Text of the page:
But education experts don’t expect the change in power will have a significant effect on other aspects of the state’s education policy environment. Lawmakers have opened up school choice options in Maine over the past six years, but have thus far taken a go-slow approach, to the occasional annoyance of Gov. Paul LePage.
DeVos, the daughter of one of Michigan’s richest men, is married to another, Dick DeVos, a member of the family that created Amway.
Her brother, Erik Prince, was the founder and CEO of Blackwater, the troubled mercenary firm that received billions in U.S. government contracts in Iraq. She and her family’s Edgar and Elsa Prince Foundation have donated heavily to anti-LGBTQ efforts and organizations, including several million dollars to Focus on the Family, which promotes conversion therapy for gay people.
She and her husband have been the primary donors behind the creation, expansion and deregulation of charter schools in Michigan, which a Detroit Free Press investigation earlier this year found were riddled with abuses, including a charter school administrator receiving a $520,000 taxpayer-financed severance package and an online charter school spending $263,000 on a Dale Carnegie confidence-building class.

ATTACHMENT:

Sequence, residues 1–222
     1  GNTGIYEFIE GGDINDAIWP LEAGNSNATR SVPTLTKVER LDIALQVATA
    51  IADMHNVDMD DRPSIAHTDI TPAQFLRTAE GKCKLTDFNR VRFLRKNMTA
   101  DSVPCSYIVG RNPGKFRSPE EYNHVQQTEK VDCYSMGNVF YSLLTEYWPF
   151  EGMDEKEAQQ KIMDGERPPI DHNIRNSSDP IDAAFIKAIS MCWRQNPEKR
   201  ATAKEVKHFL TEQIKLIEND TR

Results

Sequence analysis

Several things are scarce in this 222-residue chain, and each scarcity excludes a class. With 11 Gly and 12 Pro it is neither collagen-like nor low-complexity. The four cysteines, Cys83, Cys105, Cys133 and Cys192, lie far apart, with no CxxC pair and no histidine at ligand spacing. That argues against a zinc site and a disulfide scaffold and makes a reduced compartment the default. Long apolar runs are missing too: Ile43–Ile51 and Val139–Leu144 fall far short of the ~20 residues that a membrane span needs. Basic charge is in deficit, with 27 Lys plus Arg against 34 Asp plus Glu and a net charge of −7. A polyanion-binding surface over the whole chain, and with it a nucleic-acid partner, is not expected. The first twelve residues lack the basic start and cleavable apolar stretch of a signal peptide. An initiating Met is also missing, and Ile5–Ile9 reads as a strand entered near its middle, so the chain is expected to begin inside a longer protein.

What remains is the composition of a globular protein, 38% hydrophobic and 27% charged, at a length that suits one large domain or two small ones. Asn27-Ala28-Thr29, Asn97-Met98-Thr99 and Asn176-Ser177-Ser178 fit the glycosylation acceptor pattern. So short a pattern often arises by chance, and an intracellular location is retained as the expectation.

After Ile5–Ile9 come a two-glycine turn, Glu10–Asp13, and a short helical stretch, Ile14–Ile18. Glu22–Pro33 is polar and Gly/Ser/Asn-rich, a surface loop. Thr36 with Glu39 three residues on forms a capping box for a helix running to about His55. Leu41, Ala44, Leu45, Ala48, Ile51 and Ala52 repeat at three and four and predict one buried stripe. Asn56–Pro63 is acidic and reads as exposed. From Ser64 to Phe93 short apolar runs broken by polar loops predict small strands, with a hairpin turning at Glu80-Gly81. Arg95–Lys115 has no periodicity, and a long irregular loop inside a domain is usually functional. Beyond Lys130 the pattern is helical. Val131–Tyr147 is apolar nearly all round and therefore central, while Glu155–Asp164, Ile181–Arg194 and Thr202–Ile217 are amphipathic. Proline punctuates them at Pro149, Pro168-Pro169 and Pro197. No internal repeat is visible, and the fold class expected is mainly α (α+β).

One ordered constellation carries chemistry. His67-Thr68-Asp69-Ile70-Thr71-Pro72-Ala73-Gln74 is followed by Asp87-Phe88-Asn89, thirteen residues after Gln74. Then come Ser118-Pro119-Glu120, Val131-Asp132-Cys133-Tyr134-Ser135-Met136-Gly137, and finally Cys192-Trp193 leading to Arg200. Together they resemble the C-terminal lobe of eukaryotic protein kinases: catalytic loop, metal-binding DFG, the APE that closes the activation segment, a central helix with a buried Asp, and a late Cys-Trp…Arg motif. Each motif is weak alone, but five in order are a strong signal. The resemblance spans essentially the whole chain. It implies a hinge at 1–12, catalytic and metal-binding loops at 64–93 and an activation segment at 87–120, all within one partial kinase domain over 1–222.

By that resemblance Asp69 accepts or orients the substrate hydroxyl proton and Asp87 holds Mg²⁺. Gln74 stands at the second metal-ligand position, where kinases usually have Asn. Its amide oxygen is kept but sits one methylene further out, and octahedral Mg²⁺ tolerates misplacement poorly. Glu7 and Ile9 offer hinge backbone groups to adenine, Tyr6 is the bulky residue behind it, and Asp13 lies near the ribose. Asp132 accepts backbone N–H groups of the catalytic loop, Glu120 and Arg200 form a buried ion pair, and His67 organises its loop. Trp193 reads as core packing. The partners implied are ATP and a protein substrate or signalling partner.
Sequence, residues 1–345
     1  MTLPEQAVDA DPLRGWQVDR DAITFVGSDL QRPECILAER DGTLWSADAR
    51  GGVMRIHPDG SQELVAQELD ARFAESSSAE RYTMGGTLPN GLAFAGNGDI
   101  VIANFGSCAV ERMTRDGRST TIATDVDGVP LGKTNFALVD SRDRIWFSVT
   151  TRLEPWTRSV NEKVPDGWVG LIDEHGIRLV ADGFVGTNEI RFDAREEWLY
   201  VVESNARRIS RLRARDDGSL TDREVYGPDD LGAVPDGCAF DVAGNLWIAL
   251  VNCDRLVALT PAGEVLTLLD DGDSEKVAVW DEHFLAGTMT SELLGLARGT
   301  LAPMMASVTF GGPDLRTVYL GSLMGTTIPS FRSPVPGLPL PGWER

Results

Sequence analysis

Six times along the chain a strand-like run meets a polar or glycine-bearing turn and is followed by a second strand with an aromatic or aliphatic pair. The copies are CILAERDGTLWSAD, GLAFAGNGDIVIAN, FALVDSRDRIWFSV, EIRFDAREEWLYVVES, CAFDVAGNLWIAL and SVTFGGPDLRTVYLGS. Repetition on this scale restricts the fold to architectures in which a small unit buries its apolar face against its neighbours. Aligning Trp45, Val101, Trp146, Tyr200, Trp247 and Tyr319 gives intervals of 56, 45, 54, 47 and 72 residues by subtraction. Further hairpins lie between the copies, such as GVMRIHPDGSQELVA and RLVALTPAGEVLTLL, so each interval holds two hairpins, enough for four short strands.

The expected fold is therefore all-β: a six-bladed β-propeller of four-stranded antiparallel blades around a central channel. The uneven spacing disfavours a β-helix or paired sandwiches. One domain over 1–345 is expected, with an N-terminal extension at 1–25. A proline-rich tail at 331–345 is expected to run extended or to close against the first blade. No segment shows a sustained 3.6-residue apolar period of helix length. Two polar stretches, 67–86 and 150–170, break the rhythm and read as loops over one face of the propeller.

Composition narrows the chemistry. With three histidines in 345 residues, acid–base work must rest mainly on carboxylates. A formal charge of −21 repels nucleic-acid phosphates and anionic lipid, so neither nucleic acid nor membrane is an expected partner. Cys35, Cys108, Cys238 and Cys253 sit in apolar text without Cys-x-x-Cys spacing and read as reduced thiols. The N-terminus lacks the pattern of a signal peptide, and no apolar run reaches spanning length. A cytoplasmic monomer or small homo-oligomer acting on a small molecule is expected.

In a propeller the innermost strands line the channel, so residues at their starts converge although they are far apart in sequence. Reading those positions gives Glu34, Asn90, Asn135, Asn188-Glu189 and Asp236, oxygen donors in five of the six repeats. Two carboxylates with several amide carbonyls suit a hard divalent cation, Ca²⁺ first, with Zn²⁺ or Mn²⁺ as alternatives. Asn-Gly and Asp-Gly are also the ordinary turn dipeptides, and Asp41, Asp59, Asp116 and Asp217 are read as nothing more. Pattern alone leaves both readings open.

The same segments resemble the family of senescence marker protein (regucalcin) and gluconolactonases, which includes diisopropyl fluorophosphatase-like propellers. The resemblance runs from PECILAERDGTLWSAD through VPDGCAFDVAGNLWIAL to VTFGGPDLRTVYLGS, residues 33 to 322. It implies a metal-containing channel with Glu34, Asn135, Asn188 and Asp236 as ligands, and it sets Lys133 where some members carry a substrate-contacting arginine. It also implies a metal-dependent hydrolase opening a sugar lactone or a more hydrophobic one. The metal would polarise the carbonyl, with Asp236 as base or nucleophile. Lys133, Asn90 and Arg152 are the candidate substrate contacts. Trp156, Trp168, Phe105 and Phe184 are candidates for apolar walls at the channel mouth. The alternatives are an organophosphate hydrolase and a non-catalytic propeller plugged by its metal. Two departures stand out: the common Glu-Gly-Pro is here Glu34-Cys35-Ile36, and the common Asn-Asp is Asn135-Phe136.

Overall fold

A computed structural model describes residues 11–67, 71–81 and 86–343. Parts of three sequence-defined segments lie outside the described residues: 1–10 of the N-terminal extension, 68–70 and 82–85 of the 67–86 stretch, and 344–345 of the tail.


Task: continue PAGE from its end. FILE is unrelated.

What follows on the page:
“Michigan’s laws are either nonexistent or so lenient that there are often no consequences for abuses and poor academics,” the Free Press reported. A DeVos-backed group was the primary force behind the defeat of legislation last year that would have identified and closed failing schools.
DeVos chairs the Alliance for School Choice, a Washington, D.C., nonprofit that promotes school voucher programs, whereby parents can use taxpayer funds to send their children to parochial and private schools. She also sits on the board of Jeb Bush’s Foundation for Excellence in Education, which a 2012 Maine Sunday Telegram investigation revealed had ghost-written large parts of LePage’s digital charter school policies. She and another Foundation board member co-wrote a May 2013 op-ed in the Sun Journal newspaper praising LePage’s A-F school grading policy.
LIMITED FEDERAL INFLUENCE